Although there is no cure for COPD yet, there are many changes you can make to your daily routine and habits that will help you live well with the condition.
Everyone will have different triggers that affect their lungs, this could be traffic pollution, dry ice, smoke from a wood burning stove, spices or many other things. The important thing is working out what makes your condition worse and taking steps to avoid or reduce contact with these things.
People with COPD can have flare ups linked to seasonal changes, for example a high pollen count in the spring and summer or very cold air in the winter. Here are some tips to help you
- In the spring and summer the pollen level may affect your lungs. If you have had your bedroom window open during the day cover the bed with a dust sheet and carefully remove it before bed. This will catch any pollen coming through the open window during the day
- If you dry your clothes outside during the summer remember this might increase the amount of pollen on them
- In summer use a damp cloth over your hair when you come in from outside as this will help remove the pollen stuck to you
- Take your coat and shoes off before entering your house to avoid bringing in too much pollen and carrying it through your house
- In winter wear a scarf over your mouth when you go outside to stop cold air irritating your lungs
- Have your flu vaccine. If you have COPD, getting flu can cause lots of problems and trigger a serious flare-up of your condition
For more information on managing flare ups visit the British Lung Foundation.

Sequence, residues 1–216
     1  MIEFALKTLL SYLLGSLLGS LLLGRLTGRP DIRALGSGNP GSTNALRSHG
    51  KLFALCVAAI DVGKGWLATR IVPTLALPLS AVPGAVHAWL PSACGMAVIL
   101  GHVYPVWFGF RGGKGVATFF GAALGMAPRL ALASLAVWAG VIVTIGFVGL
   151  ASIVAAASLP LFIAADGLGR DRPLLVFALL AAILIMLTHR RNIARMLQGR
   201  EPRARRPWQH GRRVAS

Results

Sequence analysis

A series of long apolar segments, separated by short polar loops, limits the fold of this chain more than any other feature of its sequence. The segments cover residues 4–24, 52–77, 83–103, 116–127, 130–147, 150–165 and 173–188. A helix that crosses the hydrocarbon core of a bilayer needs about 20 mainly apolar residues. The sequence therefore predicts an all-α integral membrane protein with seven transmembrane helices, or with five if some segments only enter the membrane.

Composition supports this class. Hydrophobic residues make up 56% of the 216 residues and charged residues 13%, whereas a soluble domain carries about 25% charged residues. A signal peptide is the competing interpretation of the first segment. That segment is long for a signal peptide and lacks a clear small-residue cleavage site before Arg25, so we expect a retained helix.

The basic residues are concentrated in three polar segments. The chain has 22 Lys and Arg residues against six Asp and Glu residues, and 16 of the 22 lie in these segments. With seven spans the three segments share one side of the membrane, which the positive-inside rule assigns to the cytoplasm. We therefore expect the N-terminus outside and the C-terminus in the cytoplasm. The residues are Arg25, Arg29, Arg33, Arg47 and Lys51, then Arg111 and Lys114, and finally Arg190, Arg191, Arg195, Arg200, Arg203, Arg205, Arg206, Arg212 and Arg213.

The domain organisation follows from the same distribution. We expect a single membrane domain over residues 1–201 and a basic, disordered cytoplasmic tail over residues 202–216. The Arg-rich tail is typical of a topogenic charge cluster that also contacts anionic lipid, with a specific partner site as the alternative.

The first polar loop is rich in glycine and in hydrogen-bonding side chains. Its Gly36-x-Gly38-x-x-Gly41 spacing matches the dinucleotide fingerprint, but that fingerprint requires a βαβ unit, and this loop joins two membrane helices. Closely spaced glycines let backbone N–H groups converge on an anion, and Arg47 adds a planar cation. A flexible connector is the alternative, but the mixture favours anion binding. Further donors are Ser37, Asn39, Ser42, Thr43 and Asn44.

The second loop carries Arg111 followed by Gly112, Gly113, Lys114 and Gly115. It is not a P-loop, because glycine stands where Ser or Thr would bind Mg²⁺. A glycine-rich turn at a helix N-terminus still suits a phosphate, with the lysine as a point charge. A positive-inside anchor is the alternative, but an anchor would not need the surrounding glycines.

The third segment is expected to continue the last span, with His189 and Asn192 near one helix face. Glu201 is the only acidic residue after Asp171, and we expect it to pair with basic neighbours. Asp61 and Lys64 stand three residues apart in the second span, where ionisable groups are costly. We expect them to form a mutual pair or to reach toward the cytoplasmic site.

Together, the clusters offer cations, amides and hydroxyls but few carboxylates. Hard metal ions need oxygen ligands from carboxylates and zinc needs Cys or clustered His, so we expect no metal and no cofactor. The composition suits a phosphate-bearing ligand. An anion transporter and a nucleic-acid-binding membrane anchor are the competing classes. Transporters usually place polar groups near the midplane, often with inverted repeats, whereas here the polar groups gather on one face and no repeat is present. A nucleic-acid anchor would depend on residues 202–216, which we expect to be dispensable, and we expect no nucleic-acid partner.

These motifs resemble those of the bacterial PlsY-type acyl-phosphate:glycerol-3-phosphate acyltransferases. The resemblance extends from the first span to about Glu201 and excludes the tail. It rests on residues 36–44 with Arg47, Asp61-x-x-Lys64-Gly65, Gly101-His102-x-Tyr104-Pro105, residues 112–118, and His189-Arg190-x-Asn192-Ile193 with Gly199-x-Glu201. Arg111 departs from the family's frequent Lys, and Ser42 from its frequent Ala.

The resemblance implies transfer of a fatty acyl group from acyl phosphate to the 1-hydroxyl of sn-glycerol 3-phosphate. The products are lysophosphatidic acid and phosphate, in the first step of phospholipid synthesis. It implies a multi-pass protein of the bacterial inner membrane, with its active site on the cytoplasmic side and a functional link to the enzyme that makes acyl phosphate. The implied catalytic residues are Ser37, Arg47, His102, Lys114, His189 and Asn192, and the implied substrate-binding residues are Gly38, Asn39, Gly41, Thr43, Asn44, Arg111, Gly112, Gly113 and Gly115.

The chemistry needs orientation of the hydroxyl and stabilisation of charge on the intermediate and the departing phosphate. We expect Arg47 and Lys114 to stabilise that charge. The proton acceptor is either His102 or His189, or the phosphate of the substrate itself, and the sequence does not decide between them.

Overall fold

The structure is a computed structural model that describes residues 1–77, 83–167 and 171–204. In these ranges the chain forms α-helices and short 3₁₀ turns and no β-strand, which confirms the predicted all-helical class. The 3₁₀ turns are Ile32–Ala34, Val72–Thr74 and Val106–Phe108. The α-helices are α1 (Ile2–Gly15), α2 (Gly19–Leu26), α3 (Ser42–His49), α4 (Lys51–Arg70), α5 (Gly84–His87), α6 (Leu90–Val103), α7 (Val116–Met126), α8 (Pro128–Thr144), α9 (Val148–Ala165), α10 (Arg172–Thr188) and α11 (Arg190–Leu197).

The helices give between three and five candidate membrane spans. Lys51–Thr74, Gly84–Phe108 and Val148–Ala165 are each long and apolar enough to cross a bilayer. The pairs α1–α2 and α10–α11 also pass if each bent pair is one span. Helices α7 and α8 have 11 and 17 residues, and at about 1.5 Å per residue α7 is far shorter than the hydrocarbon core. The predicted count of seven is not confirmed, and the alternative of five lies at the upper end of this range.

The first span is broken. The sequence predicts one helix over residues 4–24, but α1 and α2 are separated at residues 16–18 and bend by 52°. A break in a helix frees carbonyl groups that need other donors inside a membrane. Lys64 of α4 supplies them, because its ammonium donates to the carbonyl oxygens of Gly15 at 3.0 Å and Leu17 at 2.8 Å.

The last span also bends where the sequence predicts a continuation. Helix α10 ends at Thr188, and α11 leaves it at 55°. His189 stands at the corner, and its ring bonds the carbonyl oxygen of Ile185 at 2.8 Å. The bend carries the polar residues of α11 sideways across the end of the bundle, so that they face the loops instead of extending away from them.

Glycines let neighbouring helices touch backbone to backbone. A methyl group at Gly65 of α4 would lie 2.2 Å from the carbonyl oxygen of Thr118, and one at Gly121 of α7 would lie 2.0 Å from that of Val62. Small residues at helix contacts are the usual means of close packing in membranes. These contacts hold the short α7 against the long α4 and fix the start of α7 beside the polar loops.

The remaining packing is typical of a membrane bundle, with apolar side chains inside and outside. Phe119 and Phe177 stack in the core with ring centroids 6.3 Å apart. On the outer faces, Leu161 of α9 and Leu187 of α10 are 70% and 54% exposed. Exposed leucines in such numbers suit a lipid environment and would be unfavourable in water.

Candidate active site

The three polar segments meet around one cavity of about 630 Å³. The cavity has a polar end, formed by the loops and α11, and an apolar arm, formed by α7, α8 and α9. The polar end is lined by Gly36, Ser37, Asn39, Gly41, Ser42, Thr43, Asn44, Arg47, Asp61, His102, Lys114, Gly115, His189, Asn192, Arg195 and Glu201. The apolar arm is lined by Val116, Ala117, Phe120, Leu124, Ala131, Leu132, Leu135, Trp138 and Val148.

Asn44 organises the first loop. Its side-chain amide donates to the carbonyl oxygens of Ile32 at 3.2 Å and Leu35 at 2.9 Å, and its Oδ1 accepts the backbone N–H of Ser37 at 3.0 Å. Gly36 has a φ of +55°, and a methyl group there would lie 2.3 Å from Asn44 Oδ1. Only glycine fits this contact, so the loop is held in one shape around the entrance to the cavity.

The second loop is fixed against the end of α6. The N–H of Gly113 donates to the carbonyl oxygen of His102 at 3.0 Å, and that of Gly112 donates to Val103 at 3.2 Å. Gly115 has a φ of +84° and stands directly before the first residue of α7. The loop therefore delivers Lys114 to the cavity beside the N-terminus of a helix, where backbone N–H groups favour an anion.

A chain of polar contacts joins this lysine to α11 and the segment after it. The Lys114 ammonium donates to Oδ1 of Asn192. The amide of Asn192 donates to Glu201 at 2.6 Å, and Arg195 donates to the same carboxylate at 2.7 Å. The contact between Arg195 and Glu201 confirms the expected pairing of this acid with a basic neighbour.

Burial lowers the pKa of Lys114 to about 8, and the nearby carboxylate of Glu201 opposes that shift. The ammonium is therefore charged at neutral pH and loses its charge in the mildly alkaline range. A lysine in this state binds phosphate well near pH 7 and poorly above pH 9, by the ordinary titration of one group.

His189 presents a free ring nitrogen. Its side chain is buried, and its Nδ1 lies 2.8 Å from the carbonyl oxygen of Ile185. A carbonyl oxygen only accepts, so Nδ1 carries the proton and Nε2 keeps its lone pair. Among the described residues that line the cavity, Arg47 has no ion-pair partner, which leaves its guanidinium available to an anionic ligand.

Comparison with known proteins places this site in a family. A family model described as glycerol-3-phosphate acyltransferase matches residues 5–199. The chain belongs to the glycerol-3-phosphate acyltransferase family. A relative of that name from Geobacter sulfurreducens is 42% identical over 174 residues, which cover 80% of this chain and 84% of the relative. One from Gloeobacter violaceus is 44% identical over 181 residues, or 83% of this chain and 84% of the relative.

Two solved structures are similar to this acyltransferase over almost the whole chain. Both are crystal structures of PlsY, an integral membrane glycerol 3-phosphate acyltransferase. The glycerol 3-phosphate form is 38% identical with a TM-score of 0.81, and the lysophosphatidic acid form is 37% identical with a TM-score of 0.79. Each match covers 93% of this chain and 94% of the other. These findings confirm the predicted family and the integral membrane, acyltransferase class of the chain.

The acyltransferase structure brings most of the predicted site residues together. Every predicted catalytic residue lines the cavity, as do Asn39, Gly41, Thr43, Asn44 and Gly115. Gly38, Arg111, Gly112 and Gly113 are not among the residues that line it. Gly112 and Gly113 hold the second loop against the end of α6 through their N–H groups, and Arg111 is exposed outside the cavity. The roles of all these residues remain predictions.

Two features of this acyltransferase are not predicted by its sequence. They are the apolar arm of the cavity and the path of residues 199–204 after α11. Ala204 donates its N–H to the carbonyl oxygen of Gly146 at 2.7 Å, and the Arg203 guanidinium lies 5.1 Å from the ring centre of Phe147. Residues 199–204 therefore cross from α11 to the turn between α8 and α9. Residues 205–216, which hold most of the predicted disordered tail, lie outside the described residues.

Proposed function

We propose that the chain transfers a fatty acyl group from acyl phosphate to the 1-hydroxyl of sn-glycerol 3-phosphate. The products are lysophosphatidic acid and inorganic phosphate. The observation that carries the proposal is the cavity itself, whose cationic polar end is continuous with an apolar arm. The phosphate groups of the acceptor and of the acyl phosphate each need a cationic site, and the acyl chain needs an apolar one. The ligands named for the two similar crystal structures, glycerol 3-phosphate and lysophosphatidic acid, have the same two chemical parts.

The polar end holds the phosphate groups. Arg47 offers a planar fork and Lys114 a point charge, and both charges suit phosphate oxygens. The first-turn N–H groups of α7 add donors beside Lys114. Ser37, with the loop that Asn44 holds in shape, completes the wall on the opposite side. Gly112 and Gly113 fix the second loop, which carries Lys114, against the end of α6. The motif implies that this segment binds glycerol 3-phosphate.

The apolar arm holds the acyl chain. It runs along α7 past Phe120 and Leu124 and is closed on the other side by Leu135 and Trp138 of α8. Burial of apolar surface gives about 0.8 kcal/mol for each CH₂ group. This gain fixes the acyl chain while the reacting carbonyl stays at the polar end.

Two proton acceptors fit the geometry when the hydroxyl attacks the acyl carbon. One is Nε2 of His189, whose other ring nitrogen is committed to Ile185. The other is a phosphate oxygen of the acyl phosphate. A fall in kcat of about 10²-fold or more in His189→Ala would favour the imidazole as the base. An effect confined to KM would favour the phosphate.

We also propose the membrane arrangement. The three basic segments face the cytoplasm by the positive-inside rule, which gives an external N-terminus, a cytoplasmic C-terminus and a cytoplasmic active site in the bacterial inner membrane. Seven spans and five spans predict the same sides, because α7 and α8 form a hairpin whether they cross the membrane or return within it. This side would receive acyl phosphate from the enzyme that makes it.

What to do in a panic attack
Many people start to panic when they feel breathless. To prevent a panic attack one thing you can do is find out more about your condition. If you understand what is happening to your body it takes away the panic from not knowing what is happening to you. Find out more about COPD on NHS inform.
If you do have a panic attack the following tips could help:
- learn to breathe – it is a good idea to learn relaxation techniques to help your breathing, particularly if you have a panic attack
- Sing happy birthday - this might sound strange but concentrating on singing a well known song will help change your focus and regulate your breathing
- remember that breathlessness is normal and not to be feared – people without COPD get breathless when they exercise, climb stairs etc.
- don't blame yourself for your condition or your symptoms in that moment, focus on making improvements to your lifestyle to live better with COPD
There are various breathing techniques that some people find helpful for panic attacks or breathlessness. These include breathing control, which involves breathing gently, using the least effort, with the shoulders supported.
Breathing techniques for people who are more active include:
- relaxed, slow deep breathing
- breathing through pursed lips, as if whistling
- breathing out hard when doing an activity that needs a big effort
- paced breathing, using a rhythm in time with the activity, such as climbing stairs
In the home
You can make living with COPD easier by making small changes to your home, you might find some of these suggestions helpful:
- vacuum your bed and keep dust in the house down
- try wet dusting rather than dry dusting to remove dust particles
- avoid chemical sprays for cleaning, try using more traditional methods such as vinegar and lemon juice. There are also now many wipe versions of popular cleaning products available
- use roll on deodorant instead of spray deodorant
- avoid plug in air freshners
Many people find having a long term condition link COPD very isolating. There are many benefits to joining a local support group for COPD:
- you learn a lot of useful information on how to cope with your condition
- you can learn from others in the same situation
- you realise you are not alone
- you can make good friends – some groups organise holidays, outings and Christmas parties together
- you have the support of others who really understand what you are going through
- other members may have more than one long term condition and may be able to help you with other conditions you might have
- people can become isolated because of their condition and can lose friends, joining a support group is a good way of connecting with a new social circle